One of the things we may have to deal with when out in nature is the presence of snakes. The good news is that they tend to den up during cold weather, but that still leaves a lot of the year when we may find ourselves and our rabbit dogs exposed to them. Snakes are plentiful in wooded environments as well as in swamps, so is it wise to know what types of snakes you may encounter where you hunt and what to do in case of a bite.
Being bitten by a snake can be a traumatic experience for rabbit dogs and/or their human counterparts. In addition to being very painful, a bite from a venomous snake can be fatal or horribly disfiguring. Treatment for snake bites is aided by knowing the type of snake that delivered the bite, but being able to identify snakes also goes a lot way towards your safety and that of your rabbit dogs as well so you are able to decipher which snakes pose the greatest threat. There are many venomous snakes in the United States such as rattle snakes, water moccasins, corral snakes, and copperheads. Although most would rather avoid you than bite you or your dogs, some are quite aggressive and will gladly grab a hold of a nose or paw that gets too close, sinking their fangs in and injecting a dose of toxic venom.
When it comes to handling a canine snake bite, there are a lot of wives' tales floating around. For instance, you do not want to whip out your knife and cut the bite marks open and then suck the venom out. You also don't want to waste time and potential further injury by trying to capture the snake; yes, it is useful to know the species but not at your own detriment. Settle instead for taking a note of color, size, and other obvious details regarding its appearance. What you do want to do is wrap the bitten area tightly if possible and immediately transport your dog for emergency medical care. Keeping your dog is also vital as the faster his heart pumps, the faster the venom spreads
Although snake bites can become infected due to bacteria in the snake's mouth, making even a bite from a non-venomous snake dangerous, venom is the ultimate danger. Venom is a toxic fluid contained in glands within the snake that is delivered through hollow fangs during a bite. There are two types of venom: hemotoxic (destroys red blood cells and damages tissue) and neurotoxic (disrupts the nervous system). While some snakes contain either or, others yet have venom with both properties, making them especially dangerous.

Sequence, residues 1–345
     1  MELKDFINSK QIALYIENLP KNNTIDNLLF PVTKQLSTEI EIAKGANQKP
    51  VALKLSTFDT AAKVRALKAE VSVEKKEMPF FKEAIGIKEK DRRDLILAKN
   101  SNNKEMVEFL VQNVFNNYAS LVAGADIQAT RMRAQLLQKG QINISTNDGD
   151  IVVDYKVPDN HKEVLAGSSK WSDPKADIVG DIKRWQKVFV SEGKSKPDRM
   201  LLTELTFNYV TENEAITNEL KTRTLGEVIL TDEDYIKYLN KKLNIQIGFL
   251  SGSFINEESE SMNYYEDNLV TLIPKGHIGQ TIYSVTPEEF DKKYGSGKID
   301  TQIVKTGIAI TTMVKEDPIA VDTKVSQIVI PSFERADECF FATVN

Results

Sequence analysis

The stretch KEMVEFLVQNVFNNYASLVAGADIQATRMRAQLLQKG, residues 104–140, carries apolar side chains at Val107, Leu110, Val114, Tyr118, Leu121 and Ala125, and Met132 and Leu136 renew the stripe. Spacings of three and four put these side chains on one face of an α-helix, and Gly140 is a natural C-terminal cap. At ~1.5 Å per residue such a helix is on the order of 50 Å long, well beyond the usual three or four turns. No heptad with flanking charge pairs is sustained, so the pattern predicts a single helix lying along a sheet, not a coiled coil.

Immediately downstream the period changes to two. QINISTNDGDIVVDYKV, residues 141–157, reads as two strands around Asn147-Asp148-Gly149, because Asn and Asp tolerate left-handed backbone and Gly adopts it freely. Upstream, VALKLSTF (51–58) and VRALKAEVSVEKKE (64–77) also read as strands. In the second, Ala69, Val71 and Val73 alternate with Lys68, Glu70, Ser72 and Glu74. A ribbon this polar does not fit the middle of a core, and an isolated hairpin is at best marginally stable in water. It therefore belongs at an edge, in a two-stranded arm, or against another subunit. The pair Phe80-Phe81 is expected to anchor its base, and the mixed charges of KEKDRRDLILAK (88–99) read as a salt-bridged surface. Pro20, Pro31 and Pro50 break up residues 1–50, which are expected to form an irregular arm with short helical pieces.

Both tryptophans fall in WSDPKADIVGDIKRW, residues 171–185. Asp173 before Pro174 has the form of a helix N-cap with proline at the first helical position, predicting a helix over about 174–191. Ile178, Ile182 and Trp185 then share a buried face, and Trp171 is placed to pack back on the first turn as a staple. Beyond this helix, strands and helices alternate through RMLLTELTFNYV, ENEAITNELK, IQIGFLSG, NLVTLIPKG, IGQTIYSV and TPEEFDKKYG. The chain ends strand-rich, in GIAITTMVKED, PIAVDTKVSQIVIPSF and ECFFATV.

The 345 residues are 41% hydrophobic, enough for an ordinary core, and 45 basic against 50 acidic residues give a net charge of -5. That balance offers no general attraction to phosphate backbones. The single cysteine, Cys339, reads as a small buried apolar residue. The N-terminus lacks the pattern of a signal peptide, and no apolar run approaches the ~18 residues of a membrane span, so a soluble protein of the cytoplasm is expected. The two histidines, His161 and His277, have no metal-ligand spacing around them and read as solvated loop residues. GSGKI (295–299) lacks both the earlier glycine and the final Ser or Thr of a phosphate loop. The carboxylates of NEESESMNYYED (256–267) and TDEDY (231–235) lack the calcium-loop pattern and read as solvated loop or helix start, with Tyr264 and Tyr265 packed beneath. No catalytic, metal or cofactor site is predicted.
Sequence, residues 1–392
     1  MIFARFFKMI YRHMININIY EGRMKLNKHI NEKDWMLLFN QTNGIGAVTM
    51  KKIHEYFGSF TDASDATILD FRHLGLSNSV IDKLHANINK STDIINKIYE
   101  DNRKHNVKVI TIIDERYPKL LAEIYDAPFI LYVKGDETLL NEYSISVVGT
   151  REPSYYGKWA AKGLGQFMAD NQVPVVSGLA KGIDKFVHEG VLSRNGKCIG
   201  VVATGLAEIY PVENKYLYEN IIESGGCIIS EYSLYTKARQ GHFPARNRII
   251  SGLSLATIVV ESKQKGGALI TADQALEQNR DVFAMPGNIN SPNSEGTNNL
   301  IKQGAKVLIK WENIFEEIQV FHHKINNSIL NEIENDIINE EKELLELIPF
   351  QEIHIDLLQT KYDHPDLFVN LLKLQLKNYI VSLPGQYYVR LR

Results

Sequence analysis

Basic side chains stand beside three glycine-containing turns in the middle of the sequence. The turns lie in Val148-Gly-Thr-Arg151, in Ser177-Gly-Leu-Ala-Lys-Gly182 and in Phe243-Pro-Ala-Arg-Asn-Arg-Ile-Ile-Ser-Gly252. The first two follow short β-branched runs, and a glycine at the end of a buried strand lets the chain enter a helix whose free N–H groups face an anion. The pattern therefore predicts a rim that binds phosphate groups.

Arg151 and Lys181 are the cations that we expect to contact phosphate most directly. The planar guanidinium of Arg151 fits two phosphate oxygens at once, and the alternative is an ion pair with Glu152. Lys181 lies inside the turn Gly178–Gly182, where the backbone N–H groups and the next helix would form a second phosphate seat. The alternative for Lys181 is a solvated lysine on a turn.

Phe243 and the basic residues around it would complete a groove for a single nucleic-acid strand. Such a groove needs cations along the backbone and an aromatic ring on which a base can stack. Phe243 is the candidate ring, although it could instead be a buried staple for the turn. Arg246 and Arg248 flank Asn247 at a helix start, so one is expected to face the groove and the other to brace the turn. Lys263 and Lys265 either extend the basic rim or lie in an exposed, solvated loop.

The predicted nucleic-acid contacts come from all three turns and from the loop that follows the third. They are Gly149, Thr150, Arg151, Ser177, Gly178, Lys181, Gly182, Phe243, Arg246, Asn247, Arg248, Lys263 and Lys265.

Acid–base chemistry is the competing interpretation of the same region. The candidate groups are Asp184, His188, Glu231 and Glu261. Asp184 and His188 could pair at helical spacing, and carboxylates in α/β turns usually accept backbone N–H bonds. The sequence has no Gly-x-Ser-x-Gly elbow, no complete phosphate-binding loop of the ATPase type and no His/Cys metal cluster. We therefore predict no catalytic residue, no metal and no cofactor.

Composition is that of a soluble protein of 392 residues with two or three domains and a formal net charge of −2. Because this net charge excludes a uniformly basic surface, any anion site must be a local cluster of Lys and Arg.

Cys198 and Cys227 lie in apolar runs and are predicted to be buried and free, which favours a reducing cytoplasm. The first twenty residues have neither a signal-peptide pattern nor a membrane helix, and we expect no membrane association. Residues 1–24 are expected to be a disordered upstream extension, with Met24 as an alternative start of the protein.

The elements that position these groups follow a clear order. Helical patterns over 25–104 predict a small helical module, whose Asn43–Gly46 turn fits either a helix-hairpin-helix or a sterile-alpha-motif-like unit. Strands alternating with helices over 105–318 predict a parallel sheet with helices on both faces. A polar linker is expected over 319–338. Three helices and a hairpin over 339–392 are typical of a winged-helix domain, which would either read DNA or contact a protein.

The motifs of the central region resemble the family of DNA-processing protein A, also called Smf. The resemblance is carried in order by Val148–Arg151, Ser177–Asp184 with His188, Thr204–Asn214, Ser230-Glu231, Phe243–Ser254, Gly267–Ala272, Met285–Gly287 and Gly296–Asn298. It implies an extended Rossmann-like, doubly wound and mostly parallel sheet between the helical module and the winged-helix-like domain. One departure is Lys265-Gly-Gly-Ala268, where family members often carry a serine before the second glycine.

Photo: Wild Texas
In order to save lives and limbs after a snake bite, antivenin and supportive care are administered. This is where it is useful to know the type of snake that delivered the bite as antivenin is specific to the species of snake that did the biting. For example, for a cottonmouth bite, cottonmouth antivenin would be necessary to reverse the effects. Though antivenin is very useful in treating bites, it is expensive. The cost can easily exceed $1,000 per vial with multiple vials being needed for a successful treatment round.
With all of this in mind, the logical thing to do is avoid snakes. While this is unfortunately not always possible as rabbit dogs are in the field doing their jobs, there are some steps you may be able to take. If you're not in the field hunting, keep dogs away from brush piles and other debris. Should your dog appear fixated with something you cannot see, call him or her back to you immediately. In the event that you hear a rattlesnake issuing a warning, keep your dog close until you locate the snake then move carefully in the opposite direction. Lastly, remember that though we as rabbit hunters enjoy a meal of rabbit, there are plenty of venomous snakes that feel the same way and are plenty large enough to take down a rabbit for a meal. Equally concerning is the snake epidemic in Florida where many exotic snakes are being released into the wild that are big enough to not only kill a rabbit dog but maybe even you.
The main thing to remember is that we have to share the great outdoors with snakes and therefore must do so safely. Be vigilant when you and your dogs are moving about so as to avoid a bite. However, for those of us who reside in areas where the weather is warm most of the year and rattlesnakes are plentiful, investing in a canine rattlesnake vaccine may prove wise. Above all else be sure to memorize your vet's phone number because like it or not, a venomous snake bite is an emergency that needs treatment immediately.
Are venomous snakes a point of concern where you live and hunt? What do you to do prevent snake bites? Let us know in the comments.